Ness centers the documentary around those most affected by the violence and lack of opportunity in the city, spending time on the streets with the irrepressible Clayton “Mr. C” Guyton. Mr. C runs a neighborhood community center, providing a mix of social services, inspirational sermons and a contagious hope that things must get better.
Also represented is the Baltimore Police Department, whose officers are buckling under constant overtime in an attempt to stem the record murder rate. Politicians get their due through the eyes of Brandon Scott, a reform-minded city councilman (and the youngest person elected to the position).
At first it seems like Ness’s framing is nuanced to a fault. She studiously highlights the interactions on all sides as an almost routine drudgery. Or as routine as life can be when you’re in a constant struggle for resources just to survive.
But haunting the periphery is the death of Freddie Gray, which took place just months before the film begins. Ness limits her interviews to the more optimistic and eager officials and officers, but even relatively benign interactions are impossible to separate from the wider conversations happening around criminal justice reform in cities and police departments all over the country.
As frustrating as it can be when Ness sticks to her granular talking head shots, there’s still a message, even if that message to viewers is often that you’re going to need to do some extra homework on this.
And it’s effective. It’s heartbreaking when the people on Mr. C’s block abruptly suffer the loss of one of their own. It’s bracing to hear them refuse to give up even though they feel like everyone else has abandoned them. It’s useful to see how city officials view doing the right thing, and how quickly that impulse crashes against a public health epidemic that cannot be theirs alone to fix.
There have been plenty of superb recent documentaries about criminal justice in America, including Ava DuVernay’s 13th and Erik Ljung’s The Blood Is at the Doorstep. Charm City probably shouldn’t be the only film to watch if you’re looking to go deeper on the subject, but it’s a fine and no less urgent place to start.
Here and Now
by Rachel Willis
What would you do upon receiving the worst news of your life? How would you spend the next 24 hours?
These are the questions that plague Vivienne (Sarah Jessica Parker) upon learning she has a tumor. More tests are required to diagnose the nature of the tumor, but if it’s cancerous, she can expect to live another 14 months with aggressive treatment.
It’s telling that Vivienne is alone when she receives this information. From the beginning, director Fabien Constant creates a sense of loneliness around her. After receiving the devastating news, her next stop is a rehearsal for her upcoming 25th anniversary show. A number of band members have clearly been waiting, but Vivienne mollifies their annoyance with banal pleasantries. She doesn’t mention to any of them, including her manager Ben (Common), that she is sick.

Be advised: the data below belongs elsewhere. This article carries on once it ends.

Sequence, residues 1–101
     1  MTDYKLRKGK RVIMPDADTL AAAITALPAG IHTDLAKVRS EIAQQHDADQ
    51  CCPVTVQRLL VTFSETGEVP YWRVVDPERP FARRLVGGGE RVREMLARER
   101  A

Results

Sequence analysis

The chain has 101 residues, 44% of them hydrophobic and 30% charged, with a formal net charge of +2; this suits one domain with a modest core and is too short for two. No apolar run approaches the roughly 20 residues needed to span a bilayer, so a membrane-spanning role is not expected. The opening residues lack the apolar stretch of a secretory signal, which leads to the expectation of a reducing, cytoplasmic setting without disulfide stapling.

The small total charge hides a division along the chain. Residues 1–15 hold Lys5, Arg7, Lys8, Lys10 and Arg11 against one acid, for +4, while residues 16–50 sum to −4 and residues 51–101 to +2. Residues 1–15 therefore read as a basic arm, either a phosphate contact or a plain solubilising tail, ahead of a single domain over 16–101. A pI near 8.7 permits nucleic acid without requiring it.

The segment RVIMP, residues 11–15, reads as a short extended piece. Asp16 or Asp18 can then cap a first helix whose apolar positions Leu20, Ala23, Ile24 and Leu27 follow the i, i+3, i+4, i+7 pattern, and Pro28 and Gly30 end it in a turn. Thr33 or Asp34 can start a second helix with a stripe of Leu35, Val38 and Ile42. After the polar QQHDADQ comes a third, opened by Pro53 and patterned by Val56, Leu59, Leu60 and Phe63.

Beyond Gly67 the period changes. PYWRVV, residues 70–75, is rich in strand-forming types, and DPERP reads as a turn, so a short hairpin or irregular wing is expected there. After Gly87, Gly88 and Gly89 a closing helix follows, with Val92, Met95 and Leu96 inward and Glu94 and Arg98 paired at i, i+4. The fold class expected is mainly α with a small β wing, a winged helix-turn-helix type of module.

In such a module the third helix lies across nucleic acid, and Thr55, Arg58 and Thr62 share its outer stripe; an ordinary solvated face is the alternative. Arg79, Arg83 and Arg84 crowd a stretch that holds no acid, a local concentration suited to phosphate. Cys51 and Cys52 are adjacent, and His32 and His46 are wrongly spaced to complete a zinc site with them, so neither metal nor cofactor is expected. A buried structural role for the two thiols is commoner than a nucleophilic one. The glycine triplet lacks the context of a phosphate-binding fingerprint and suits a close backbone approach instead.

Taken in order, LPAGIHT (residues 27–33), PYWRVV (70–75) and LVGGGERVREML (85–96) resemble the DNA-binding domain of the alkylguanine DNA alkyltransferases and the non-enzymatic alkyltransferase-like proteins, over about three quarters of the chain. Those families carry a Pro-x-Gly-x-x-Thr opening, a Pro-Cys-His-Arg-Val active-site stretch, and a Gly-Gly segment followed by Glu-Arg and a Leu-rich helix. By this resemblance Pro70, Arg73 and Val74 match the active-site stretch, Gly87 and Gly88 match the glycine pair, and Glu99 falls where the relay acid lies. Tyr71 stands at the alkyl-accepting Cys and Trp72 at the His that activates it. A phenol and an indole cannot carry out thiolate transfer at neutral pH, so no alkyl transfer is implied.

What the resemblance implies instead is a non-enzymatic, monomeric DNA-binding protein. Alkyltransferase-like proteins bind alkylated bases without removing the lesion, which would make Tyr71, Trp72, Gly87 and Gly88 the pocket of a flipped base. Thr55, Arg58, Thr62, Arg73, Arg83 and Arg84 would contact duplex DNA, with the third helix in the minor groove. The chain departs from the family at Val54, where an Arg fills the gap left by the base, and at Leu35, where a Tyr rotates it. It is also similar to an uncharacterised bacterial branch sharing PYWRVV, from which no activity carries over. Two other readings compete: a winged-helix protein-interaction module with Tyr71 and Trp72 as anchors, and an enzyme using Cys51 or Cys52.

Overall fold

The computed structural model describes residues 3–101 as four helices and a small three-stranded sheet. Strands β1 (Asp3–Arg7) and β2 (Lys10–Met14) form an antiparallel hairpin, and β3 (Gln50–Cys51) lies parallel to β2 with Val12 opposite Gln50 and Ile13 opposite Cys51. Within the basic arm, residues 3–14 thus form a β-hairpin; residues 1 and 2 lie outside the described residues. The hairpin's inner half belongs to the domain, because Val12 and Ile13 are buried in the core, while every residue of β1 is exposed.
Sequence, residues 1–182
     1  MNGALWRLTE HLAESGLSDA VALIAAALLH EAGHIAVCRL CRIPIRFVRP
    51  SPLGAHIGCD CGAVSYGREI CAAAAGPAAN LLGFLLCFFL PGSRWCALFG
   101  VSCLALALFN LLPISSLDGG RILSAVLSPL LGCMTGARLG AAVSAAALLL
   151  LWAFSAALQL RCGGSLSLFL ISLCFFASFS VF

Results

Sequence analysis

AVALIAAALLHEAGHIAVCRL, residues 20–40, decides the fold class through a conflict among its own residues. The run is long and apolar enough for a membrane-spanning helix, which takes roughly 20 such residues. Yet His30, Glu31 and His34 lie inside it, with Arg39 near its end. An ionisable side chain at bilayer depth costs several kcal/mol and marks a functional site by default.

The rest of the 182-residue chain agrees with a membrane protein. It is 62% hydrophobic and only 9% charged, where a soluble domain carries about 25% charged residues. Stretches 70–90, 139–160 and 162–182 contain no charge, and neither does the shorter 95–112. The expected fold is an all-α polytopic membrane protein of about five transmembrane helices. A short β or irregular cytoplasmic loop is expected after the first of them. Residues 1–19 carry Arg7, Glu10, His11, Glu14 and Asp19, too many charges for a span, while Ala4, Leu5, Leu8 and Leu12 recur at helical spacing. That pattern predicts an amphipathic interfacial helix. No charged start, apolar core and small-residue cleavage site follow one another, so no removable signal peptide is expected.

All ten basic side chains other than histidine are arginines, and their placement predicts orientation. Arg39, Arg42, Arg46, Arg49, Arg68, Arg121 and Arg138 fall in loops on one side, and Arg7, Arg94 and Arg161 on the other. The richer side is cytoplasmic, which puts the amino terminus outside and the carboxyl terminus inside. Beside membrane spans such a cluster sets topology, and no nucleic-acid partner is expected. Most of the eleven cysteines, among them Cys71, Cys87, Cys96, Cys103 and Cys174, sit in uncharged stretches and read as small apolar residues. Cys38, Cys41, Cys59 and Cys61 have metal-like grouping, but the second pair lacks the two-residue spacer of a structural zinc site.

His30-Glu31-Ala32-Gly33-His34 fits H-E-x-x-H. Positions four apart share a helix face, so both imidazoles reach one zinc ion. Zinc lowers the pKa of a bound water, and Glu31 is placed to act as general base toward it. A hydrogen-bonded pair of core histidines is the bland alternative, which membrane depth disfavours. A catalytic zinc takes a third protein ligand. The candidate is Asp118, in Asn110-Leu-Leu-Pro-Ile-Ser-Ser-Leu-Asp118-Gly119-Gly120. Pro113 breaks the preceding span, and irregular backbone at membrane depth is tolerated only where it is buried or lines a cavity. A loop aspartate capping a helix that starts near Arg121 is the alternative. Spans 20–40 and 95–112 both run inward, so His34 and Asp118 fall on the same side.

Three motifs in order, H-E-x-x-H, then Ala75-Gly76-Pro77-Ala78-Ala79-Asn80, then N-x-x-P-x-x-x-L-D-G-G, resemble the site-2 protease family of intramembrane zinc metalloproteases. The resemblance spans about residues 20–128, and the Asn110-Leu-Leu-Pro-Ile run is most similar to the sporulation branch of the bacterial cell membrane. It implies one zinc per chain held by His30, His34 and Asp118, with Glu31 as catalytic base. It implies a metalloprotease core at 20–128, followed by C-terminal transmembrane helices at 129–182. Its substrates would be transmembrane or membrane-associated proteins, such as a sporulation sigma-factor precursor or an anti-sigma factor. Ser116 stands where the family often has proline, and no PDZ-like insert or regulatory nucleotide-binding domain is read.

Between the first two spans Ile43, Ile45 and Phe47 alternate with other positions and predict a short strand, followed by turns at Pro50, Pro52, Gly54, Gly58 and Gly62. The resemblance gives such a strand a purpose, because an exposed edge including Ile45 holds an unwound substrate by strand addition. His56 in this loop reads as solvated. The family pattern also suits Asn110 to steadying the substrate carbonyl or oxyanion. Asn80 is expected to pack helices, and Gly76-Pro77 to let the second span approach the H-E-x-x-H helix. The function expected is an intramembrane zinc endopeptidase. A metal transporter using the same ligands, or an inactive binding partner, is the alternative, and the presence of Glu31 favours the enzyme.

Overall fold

Vivienne spends the next 24 hours wandering from place the place. The New York City backdrop perfectly captures the theme of isolation despite being surrounded by millions. Though Vivienne has friends, a concerned mother, a lover, and a daughter, it’s clear from the dialogue she has always maintained an aloofness around those who care for her.
Writer Laura Eason gives us just enough to understand Vivienne’s relationships without giving away too much. Her relationship with the father of her daughter, Nick (Simon Baker) is cordial, but it’s clear from his tone when speaking about their daughter, Vivienne hasn’t been the most engaged mother. She’s been too busy with her career.
Though the first act of the film manages to convey a lot of information in brief exchanges, and Sarah Jessica Parker aptly conveys the emotional anguish of Vivienne, the second half falls quickly into melodrama. The idea that Vivienne is desperate for a connection is conveyed by a number of trite interactions with a Lyft driver who happens to make repeat appearances in her life. The naturalness of the dialogue in the first half is replaced with brief, forced conversations about profound subjects, mainly the power of music.
It’s unfortunate that Hollywood has adopted the policy of casting actors in singing roles when they can’t sing. Gone are the days of overdubbing actors with quality singers. Instead, we’re forced to listen to Parker muddle her way through a cheesy song. And not once, but twice.
With a title like Here and Now, it’s not a surprise that the film takes a melodramatic turn, but it’s a shame since it had a promising start.
Also opening in Columbus:
Last Letter (NR)
Liz and the Blue Bird (PG)
River Runs Red (NR)
Welcome to Mercy (NR)
Read more from George and team at MADDWOLF, and listen to his weekly roundup of movie reviews, SCREENING ROOM.